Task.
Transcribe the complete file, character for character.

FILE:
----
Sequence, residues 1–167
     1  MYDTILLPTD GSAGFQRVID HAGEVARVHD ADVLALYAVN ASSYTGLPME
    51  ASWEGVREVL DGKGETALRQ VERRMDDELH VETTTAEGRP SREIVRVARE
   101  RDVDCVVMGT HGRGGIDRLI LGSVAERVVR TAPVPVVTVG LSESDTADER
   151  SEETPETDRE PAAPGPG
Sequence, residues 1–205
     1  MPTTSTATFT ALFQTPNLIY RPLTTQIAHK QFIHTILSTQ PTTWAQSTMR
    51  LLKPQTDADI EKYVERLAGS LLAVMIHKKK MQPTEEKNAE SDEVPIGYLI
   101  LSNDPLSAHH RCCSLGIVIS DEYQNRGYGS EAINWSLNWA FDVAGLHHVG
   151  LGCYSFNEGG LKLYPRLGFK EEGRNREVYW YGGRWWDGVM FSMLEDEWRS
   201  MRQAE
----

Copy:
Sequence, residues 1–167
     1  MYDTILLPTD GSAGFQRVID HAGEVARVHD ADVLALYAVN ASSYTGLPME
    51  ASWEGVREVL DGKGETALRQ VERRMDDELH VETTTAEGRP SREIVRVARE
   101  RDVDCVVMGT HGRGGIDRLI LGSVAERVVR TAPVPVVTVG LSESDTADER
   151  SEETPETDRE PAAPGPG
Sequence, residues 1–205
     1  MPTTSTATFT ALFQTPNLIY RPLTTQIAHK QFIHTILSTQ PTTWAQSTMR
    51  LLKPQTDADI EKYVERLAGS LLAVMIHKKK MQPTEEKNAE SDEVPIGYLI
   101  LSNDPLSAHH RCCSLGIVIS DEYQNRGYGS EAINWSLNWA FDVAGLHHVG
   151  LGCYSFNEGG LKLYPRLGFK EEGRNREVYW YGGRWWDGVM FSMLEDEWRS
   201  MRQAE